The salabhanjika concept stems from ancient symbolism linking a chaste maiden with the sala tree or the asoka tree through the ritual called dohada, or the fertilisation of plants through contact with a young woman. The symbolism changed over the course of time and the salabhanjika became figures used as ornamental carvings, usually located in the area where worshipers engage in circumambulation, near the garbhagriha of many Hindu temples.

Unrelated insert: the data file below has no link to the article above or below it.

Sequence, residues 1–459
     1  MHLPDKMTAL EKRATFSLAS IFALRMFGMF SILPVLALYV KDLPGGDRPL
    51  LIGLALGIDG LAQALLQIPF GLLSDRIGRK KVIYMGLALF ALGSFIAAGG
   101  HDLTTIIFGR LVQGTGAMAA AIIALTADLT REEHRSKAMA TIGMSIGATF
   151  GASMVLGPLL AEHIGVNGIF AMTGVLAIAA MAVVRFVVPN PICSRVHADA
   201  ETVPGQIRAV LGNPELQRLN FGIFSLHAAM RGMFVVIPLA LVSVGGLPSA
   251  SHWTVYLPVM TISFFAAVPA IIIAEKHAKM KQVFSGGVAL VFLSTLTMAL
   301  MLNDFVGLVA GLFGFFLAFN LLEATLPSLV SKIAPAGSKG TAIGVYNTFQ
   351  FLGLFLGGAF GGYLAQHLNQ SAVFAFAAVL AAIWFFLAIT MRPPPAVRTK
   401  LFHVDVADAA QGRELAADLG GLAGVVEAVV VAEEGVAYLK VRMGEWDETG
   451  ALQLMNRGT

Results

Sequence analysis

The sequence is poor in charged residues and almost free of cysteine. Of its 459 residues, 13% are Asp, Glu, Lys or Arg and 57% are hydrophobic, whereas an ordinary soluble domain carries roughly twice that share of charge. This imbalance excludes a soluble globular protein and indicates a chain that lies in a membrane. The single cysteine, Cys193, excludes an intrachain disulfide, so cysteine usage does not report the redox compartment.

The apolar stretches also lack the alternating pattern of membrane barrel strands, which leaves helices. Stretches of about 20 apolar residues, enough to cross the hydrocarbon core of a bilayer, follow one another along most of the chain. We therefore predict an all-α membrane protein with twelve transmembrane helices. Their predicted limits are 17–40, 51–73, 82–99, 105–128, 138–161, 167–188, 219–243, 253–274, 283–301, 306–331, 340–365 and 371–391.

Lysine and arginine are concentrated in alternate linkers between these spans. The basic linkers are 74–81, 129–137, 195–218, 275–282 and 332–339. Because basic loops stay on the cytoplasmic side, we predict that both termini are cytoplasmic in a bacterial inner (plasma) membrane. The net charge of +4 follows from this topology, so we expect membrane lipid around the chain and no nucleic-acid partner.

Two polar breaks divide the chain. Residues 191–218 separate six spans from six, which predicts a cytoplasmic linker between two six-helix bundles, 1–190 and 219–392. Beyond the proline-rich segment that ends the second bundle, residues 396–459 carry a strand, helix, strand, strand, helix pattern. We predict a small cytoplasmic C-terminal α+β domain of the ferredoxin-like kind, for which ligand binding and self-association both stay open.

The salabhanjika’s female features, like breasts and hips, are often exaggerated. Frequently these sculpted figures display complex hairdos and an abundance of jewelry.
The Shilabalikas shown in the picture below are located inside the temple. These sculptures adorn the edges of a square elevated ceiling before the sanctum area.